The court granted the inclusion of the protection of the interests of the bondholders in the Forfeiture Order.

41

Anjucel & Another v Minister of Drdlr, Shadrack Bhekanini Ntshingila NO & others (Case no LCC 25/2019)

The Province is implementing the order. Approval for the acquisition of land in favour of the affected labour tenants is underway. A deed of sale has been signed and registration and transfer is due to occur soon.

The order is being observed in its entirety.

Draft order made an order of court.

Sharack Bhekanini (2nd resp) awarded a piece of farm Bloemhoek and registered in deeds office;

42

Makgari CPA vs Minister of Drdlr, case number 5158/2018

Implementation is in progress

Matter received on 31 August 2018. Applicant, Makgari approached court, for the court to give a mandatory order directing the Department and Minister to register the applicant's CPA within 45 court days of the granting of the order.

The Minister was ordered to register the CPA within 45 days of granting the court order.

Further to effect a Title Deed rectification to reflect the CPA as the owner of the farm registered as “The Farm Louissenthal 366, Registration Division Mr, Limpopo Province, 2346, 5022 Hectares” within 14 days of the registration of the constitution of Makgari Communal Property Association

43

M D Rakgase vs Minister of DRDLR case number 33497/2018

The land was sold to Mr Rakgase and transfer is under way.

Matter received on 13 June 2018. Mr Rakgase applied to the High Court to review the Minister's decision of refusing to sell to him Portions 0 (remaining extent and 1 of the Farm Nooitgedacht 11 JQ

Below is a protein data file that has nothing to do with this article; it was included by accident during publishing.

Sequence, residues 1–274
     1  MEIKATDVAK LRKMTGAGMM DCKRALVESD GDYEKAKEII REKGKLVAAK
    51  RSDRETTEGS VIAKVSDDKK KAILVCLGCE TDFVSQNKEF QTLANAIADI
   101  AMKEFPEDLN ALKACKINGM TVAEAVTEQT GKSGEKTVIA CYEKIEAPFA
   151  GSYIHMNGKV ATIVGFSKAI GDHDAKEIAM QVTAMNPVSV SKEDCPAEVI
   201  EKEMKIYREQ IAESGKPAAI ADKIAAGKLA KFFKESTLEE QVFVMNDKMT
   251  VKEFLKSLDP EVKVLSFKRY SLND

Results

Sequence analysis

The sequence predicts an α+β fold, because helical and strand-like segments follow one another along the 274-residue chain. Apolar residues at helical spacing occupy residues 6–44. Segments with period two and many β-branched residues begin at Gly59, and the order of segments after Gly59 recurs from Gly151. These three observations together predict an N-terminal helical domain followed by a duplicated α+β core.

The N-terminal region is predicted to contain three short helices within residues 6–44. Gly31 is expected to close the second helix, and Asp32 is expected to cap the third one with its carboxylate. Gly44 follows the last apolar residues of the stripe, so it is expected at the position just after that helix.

The Minister was ordered to sell and transfer the farm to Mr Rakgase.

44

JC Prinsloo / The Minister of DRDLR & Others LCC 177/16

The farm was acquired and is currently registered in the name of the State.

State ordered to acquire portion 27 of the farm Welgekozen

Default judgment was obtained against the Minister

MINISTER OF AGRICULTURE, FORESTRY AND FISHERIES: 2018/2019

45

Willjaro vs Minister of Agriculture, Forestry and Fisheries

Implemented

Review and setting aside of an agreement entered into. To process confiscated abalone on behalf of DAFF

The agreement between The Minister and Willjaro was reviewed and set aside

46

Visko vs Minister of Agriculture, Forestry and Fisheries

Implemented

Review and setting aside of the decision of the Minister to allocate rights in the Hake Inshore Trawl sector

The decision of the Minister to allocate rights in the Hake Inshore Trawl sector was reviewed and set aside.

47

WWF vs Minister of Agriculture, Forestry and Fisheries

Implemented

Review and setting aside of the decision of the Delegated Authority in terms of Section 14 of the MLRA to increase the allowable Total Allowable Catch (TAC) in the West Coast Rock Lobster sector

The decision of the delegated authority in terms of section 14 of the MLRA to increase the allowable Total Allowance Catch in the West Coast Rock Lobster sector was reviewed and set aside.

MINISTER OF AGRICULTURE, LAND REFORM AND RURAL DEVELOPMENT: 2019/2020

No.

(b) Case details

(i),(ii)Status of implementation

  1. Nature of court order
  1. Nature of judgement

48

Ga-Segonyana Local Municipality vs Minister of DRDLR

Payment made by the Department

A claim for outstanding property rates and taxes in the amount of R4 073 621.00.

A default judgment obtained against the Department.

49

Excellent Meat International Trading vs The Minister and Others

Implemented

This was an application to review and set aside the decision of the Minister not to accept the Applicant’s consignment as being compliant with the permit condition contained in the permit.